Guitar explorer NELS CLINE is best known these days as the lead guitarist in the band Wilco. His recording and performing career – spanning jazz, rock, punk and experimental – is well into its fourth decade, with over 200 recordings, including at least 30 for which he is leader. Cline has received many accolades including Rolling Stone anointing him as both one of 20 “new guitar gods” and one of the top 100 guitarists of all time. Cline’s most recent release, Lovers, out now on Blue Note Records, is a collection of “mood music” over 20 years in the making. Beyond Wilco, Cline performs in a duo project with jazz guitar prodigy Julian Lage in addition to a quartet The Nels Cline Four (that includes Lage plus bassist Scott Colley and drummer Tom Rainey. Cline also performs in CUP, a duo with wife and musical collaborator Yuka Honda (Cibo Matto) and leads The Nels Cline Singers (featuring Scott Amendola, bassist Trevor Dunn and Cyro Baptista). www.nelscline.com
LARRY OCHS (saxophones) is best known as a founder of the Rova Sax Quartet, a San Francisco institution that focused right from the start on the application of improvisational strategies within the context of contemporary compositions, beginning in the late 1970s and continuing right up to the present day; 40 years old in 2018. Equally inspired by modernist 20th century composition and the more worldly, abrasive strands of 60s free jazz as well as by fellow pioneers around the globe, Rova and Ochs became widely celebrated for the lengths they would go to stretch the performance parameters of notated music through early collaborations with Henry Kaiser, Anthony Braxton, and John Zorn. Ochs connection with Cline began in the late 1990’s and culminated with the Celestial Septet, a band comprised of both Rova and the “Nels Cline Singers,” with a fantastic CD release (New World Records) including a long, ecstatic Ochs composition, as well as tours from 2009 – 2011. Ochs and Cleaver have performed off and on as a duo since 2013. A duo CD release – a beautiful , haunting set of music called “Songs of the Wild Cave” (Nov. 2018) – documents their 2016 live-recording experience inside a secret cave in the Dordogne area of France; a cave that contains upwards of 150 Pleistocene-era paintings. It’s a unique recording in which the cave itself seriously influenced the music, becoming essentially the third member of a trio. Ochs’ many other bands and a select discography can be perused and heard at www.ochs.cc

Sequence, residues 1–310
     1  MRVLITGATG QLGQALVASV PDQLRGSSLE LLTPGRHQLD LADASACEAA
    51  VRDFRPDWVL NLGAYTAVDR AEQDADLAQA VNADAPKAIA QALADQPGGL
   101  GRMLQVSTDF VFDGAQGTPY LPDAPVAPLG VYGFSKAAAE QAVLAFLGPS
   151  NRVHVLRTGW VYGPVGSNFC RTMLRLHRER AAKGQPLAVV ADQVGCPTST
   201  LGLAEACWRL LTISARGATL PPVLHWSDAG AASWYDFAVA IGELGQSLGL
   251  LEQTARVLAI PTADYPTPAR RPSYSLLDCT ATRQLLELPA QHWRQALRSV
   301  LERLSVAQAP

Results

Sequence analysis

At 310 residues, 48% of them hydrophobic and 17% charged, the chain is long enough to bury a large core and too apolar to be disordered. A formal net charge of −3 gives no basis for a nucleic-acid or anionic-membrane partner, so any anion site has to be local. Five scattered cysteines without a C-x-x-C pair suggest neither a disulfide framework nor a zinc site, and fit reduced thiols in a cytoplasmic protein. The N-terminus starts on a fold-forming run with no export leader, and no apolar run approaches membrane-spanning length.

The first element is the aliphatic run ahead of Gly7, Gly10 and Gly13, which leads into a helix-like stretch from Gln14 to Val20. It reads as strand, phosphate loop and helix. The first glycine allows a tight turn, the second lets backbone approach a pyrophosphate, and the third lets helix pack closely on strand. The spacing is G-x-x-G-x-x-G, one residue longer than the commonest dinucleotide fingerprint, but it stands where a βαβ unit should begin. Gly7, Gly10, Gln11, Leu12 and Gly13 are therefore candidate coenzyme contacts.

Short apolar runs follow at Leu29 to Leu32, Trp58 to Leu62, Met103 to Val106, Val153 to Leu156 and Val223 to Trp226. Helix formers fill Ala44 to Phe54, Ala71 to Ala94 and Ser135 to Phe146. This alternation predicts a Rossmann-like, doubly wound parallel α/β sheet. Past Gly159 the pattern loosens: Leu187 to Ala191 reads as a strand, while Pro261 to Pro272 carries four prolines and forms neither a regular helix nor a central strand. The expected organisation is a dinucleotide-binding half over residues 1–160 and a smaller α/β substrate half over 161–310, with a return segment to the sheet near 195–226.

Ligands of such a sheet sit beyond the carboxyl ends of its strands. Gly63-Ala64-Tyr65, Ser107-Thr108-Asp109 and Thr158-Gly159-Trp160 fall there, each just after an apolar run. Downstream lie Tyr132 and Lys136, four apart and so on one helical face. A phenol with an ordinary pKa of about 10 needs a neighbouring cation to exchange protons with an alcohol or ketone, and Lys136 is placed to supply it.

Art of the Improvisers by Roboi, immunetoboredom.com April 12, 2019
Springtime in Tallahassee offers a glut of high-caliber creative offerings that puts our little town, if only for a few weeks, on equal footing with the most celebrated cultural capitals. This weekend (April 12-14) , the Word of South Festival hosts its annual takeover of Cascades Park with a terrific lineup of music and literary heavies that I previewed for Tallahassee Magazine. The FSU School of Dance is kicking off a week-long celebration of the 100th birthday of the legendary Merce Cunningham. And just last weekend, the Tallahassee Film Festivalmounted a well-attended series of films, panels, and performances that attracted broad notice well beyond anything their modest budget should have allowed.
But the hands-down highlight of this season for me is the leaderless trio of guitarist Nels Cline, saxophonist Larry Ochs, and percussionist Gerald Cleaver, landing at the terrific listening tavern 5th & Thomas in Midtown on Saturday, April 13.
This trio, which recently released its first album, What is to Be Done, on the visionary Clean Feed label, is running a short tour of the deep southeast to showcase their approach to structured improvisation. Aside from Atlanta and Nashville, all the stops on their agenda are smallish college towns like Gainesville, Chattanooga, Athens, and our own little outpost in the Panhandle.
I realize most folks do not follow the ins and outs of the improvised music world like I do, but I’d bet that most of you recognize the name Nels Cline from his work with rockers Wilco over the past 15 years. Most Wilco fans may not realize that by the time he joined the band, Cline had been in the biz for 25 years and was widely recognized as one of the alt-jazz world’s most prominent players. 1Cline calls himself a “near-jazz” guitarist, which seems about right while also underplaying his considerable technical abilities. He’s a modest guy, even after Rolling Stone named him one of the top 100 guitarists of all-time.
But if you come out to 5&T expecting anything that sounds like Tweedy, you are in for something of a surprise. Cline and his trio partners Ochs and Cleaver are intrepid sonic explorers, musicians who cultivate the sound ground to generate surprise ecstasies and audiophonic epiphanies. There will be no verse/verse/chorus/bridge at this show, though it will likely incorporate elements of rock, jazz, folk, classical, and Oliveros-style Deep Listening in combinations you might not have imagined before.